Runners Knee

What is runners knee?   Runners knee is a condition that affects the knee and is noticed during or following running.   There are two conditions that can be termed as runners knee.
 
1. Iliotibial Friction Syndrome
 
This condition results in pain on the outside of the knee.
 
The injury is a result of the iliotibial band  (the band of fascia on the outside of the leg) irritating its attachment point at the outside of the knee. This creates a soreness in the area as a result of the friction created. This is the more common condition termed as ‘runners knee’. It is very common and almost exclusive to running.   

 

2. Patella Tendinitis
 
This condition results in pain across or below the kneecap.
 
The injury is a result of excessive force being applied to the patella tendon (the tendon that crosses the front of the kneecap). This can commonly be as a result of an issue at the quadriceps, hamstrings or glutes. This is commonly referred to as jumpers knee but is also termed ‘runners knee’ due to its common occurrence n runners.

 

What causes runners knee?
 
Runners knee (no matter which of the above conditions) is an overuse injury. This means that pain occurs after a period of doing something slightly wrong for an extended period of time.
 
It is important to remember that it isn’t really the knees fault. The knee is being ‘picked on’ by other areas that are creating excessive force at the knee.
 
There is usually a tightness and/or a weakness in one or some of the structures that cross the knee. This tightness and/or weakness creates an issue at the knee that results in damage and pain.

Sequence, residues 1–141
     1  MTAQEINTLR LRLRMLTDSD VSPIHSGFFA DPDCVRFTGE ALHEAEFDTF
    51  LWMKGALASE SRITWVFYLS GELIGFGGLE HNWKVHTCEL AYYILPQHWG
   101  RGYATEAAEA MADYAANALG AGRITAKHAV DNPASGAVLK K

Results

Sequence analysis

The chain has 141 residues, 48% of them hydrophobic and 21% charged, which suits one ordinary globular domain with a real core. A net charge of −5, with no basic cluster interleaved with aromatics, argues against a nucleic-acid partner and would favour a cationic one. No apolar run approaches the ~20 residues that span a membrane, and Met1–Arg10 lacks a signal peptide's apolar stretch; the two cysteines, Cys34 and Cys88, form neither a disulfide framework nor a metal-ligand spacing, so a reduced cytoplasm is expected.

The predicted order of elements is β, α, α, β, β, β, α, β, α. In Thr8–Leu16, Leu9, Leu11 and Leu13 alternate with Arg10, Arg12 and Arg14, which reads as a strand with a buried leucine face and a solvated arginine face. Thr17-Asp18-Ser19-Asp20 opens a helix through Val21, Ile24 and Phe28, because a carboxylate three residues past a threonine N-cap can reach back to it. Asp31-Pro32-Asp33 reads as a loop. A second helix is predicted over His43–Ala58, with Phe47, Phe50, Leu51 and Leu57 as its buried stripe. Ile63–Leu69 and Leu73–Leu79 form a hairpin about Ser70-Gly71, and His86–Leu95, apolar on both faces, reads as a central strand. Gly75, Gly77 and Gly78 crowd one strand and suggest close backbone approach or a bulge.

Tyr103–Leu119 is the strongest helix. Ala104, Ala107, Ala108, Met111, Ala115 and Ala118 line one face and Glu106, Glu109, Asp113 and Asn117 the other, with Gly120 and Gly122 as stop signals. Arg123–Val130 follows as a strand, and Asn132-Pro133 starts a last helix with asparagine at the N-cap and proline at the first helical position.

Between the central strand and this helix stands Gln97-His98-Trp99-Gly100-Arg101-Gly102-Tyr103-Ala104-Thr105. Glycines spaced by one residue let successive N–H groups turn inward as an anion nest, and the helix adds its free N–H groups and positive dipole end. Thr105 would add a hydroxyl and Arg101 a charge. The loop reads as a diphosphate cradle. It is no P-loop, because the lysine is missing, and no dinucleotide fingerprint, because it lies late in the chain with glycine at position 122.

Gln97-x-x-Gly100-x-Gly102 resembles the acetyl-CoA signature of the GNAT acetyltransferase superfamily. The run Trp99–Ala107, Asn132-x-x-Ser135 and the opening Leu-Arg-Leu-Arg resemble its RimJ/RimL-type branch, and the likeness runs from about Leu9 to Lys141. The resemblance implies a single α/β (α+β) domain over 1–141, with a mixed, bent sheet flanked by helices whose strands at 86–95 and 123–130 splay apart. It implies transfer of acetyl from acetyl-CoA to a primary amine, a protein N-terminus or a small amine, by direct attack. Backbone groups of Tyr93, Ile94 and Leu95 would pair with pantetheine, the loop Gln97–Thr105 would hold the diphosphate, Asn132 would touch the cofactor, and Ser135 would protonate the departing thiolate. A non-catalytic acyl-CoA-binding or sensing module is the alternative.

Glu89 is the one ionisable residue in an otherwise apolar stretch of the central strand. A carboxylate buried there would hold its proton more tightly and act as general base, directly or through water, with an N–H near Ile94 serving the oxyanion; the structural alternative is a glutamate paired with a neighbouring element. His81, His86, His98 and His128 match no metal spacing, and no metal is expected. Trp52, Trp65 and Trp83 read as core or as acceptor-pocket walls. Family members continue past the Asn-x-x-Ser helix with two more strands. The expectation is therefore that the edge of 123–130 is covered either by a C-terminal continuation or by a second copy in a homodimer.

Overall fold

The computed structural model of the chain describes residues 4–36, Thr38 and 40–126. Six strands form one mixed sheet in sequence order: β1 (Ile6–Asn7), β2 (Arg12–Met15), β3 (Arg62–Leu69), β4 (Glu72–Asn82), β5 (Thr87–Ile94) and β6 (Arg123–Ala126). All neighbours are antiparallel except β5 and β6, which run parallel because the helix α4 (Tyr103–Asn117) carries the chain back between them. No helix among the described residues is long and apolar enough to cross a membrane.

How to remove runners knee?
 
There are two main objectives.

 

1.Settle the pain and symptoms. This can be achieved by allowing a period of rest (this can be active rest with exercise such as swimming, cycling) and the use of ice as an anti-inflammatory for five-ten minute intervals.

 
2. (And most importantly) to find the cause and correct it. The first step would be to assess your flexibility of both the hip and ankle (both joints affect the knee). If you find a tightness in some muscle’s structures (hot spots are thighs, glutes, hamstrings and calves) it is important to address these with stretching and rolling. Please see our first video below on key stretches and a video on rolling produced by our partner Jon W Sports Injury (fully qualified and experienced sports therapist)
 
The second step would be to assess your strength at both the hip and ankle. Running places large demands on the body and it is important to ensure that you have sufficient strength. A lack of strength can lead to dysfunction and the knee can suffer as a result. More information available in the videos below.